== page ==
In high school and college algebra, you may have learned about roots, or rhizome, as some students called them. Roots are a basic concept in many sciences and engineering fields, and are a key ingredient in the formulation of many mathematical functions. In algebra, for instance, if a polynomial equation has been written using it as the x-shapes of the variables, then an x-intercept can be calculated by finding the roots of the polynomial. This is an extremely important subject for all students and should be taught to students early in their algebra lessons.

Roots are not just in nature; they occur in plants, animals, and humans as well. For example, consider the roots of a tree; when the lower branches reach the ground, they are called roots; the upper most branches are known as stem. In mathematics, a zero of any real-shaped, complex-valued, or in general vector-valued function f is a homogeneous member of the complex domain of f for which f(x} vanishes; this is the function f evaluates the value of x at x. The value of a function at any point is the value of the corresponding function at that point in the complex plane.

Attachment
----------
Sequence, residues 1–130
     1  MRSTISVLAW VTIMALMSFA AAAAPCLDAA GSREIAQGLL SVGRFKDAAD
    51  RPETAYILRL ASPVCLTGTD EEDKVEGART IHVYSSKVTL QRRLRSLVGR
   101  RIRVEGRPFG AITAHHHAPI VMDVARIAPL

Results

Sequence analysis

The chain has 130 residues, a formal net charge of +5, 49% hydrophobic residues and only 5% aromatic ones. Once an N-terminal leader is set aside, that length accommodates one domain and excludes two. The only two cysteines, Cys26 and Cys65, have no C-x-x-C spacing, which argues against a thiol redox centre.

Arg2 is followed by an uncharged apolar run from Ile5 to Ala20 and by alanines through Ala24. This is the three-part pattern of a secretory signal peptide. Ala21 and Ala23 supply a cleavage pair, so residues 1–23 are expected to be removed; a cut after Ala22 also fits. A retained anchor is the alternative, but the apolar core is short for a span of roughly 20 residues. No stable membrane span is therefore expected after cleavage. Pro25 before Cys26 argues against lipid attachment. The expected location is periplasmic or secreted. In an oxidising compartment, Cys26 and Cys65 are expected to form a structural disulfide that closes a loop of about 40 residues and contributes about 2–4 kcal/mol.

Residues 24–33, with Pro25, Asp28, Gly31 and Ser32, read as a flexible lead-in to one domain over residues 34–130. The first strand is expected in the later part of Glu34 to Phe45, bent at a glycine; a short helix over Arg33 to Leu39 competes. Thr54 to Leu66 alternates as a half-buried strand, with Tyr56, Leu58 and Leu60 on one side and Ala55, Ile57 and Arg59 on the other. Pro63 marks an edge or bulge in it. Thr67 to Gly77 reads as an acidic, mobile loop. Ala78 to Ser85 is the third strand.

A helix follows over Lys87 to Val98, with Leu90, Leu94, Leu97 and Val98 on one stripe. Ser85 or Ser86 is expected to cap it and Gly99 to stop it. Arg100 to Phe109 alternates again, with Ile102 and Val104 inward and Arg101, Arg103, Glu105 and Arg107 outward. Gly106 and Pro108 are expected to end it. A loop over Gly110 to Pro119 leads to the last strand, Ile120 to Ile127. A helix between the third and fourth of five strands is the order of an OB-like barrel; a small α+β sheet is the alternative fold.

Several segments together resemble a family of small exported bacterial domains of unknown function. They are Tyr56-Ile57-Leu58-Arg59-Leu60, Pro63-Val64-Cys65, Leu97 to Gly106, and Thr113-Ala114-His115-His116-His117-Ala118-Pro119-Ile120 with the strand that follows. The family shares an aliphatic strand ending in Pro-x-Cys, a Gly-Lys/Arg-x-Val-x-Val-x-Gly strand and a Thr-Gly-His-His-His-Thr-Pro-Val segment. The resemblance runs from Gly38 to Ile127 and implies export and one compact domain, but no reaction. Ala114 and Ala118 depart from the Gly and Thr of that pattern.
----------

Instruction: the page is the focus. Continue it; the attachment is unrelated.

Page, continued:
Students learn about roots by learning their properties, like volume and surface area, and their uses, such as when finding a solution for a mathematical problem involving integration, multiplication, division, and graphing. The topic also includes roots of expressions, such as sin, cos, tan, and bract, and their definition and uses. Understanding roots is essential to solving problems, and also to having clear and concise reasoning.